According to the article, they found no breakthroughs showing that we don't yet have a true understanding....just relative information.

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I reasearched mine for about 6 months prior to getting one.. It has stayed alive and Thriving for 1 month already Wooo Hooo..
Congratulations (and crossed fingers for it to continue thriving), but this has little to do with long term survival. Many aquarists are achieving short term "success", only to have them die within a year or so. It is also not comparable to use your possible "success" as being indicative of the results across the hobby.

I will agree though that we are getting better (and much of that is due to people researching properly like yourself!), but IMO opinion we as a hobby are still painfully far away from being successful at keeping anemones. As individuals, some are having great succes....but as a whole I have little doubt that the vast majority are still dying.
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Old 01-12-2004, 04:27 PM   #13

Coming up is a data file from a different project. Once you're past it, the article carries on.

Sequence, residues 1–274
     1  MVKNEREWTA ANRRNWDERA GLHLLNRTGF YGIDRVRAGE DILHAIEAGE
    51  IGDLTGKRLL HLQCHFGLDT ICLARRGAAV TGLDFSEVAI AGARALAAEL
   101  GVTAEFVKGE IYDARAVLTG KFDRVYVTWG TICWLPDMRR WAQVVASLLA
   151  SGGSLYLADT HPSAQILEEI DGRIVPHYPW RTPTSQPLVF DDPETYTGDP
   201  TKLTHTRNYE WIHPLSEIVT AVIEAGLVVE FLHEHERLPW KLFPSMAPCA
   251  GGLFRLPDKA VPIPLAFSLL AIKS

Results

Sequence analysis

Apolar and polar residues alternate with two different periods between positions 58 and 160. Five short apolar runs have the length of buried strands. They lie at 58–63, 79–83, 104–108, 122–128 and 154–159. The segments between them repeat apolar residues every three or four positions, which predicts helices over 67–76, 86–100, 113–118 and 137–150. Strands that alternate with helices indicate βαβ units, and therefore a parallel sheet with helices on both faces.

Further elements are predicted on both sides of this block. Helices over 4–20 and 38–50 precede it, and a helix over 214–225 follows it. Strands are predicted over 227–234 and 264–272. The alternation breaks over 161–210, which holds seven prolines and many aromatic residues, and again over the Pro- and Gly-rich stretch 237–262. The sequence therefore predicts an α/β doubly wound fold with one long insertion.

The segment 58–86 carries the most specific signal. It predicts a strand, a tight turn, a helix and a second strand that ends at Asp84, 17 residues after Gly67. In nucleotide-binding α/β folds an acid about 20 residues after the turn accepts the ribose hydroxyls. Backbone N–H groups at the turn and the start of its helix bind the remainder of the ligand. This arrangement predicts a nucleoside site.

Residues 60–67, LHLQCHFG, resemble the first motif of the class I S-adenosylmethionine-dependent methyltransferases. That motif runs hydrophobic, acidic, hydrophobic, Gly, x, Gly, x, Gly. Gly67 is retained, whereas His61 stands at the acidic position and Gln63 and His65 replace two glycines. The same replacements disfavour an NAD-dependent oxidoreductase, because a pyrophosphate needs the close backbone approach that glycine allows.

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I purchased an anenome towards the end of June with great success. The first week was pretty tense. First it started peeling, then it disappeared. I though it was a goner. I found that it had buried itself under the crushed coral and was only coming out at night. Now my anenome hangs out all day and has pretty much planted itself in one spot. My clownfish loves it. In fact sometimes I think my clownfish annoys it. It has been six months and it seems healthy. I wish I could tell you what kind of anenome it is.

BTW I have a coralife 4x65 PC lighting unit.
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Old 01-12-2004, 04:33 PM   #14
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The LFS is not responsible for educating the aquarist. It is our own responsibility to properly care for what we want to purchase. That is passing the blame.
I agree with this but any GOOD LFS will inquire about tank specs prior to selling one to an Individual.. IMO if they do not then it is not a GOOD LFS to deal with..

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What about not understanding the correct husbandry? Simply adding sufficient lighting is not the only key factor here, MH lighting has been available long enough and still the survival rates are dismal. The truth is that for many species we do not understand their exact requirements good enough yet. Effort is not always capable of providing needs.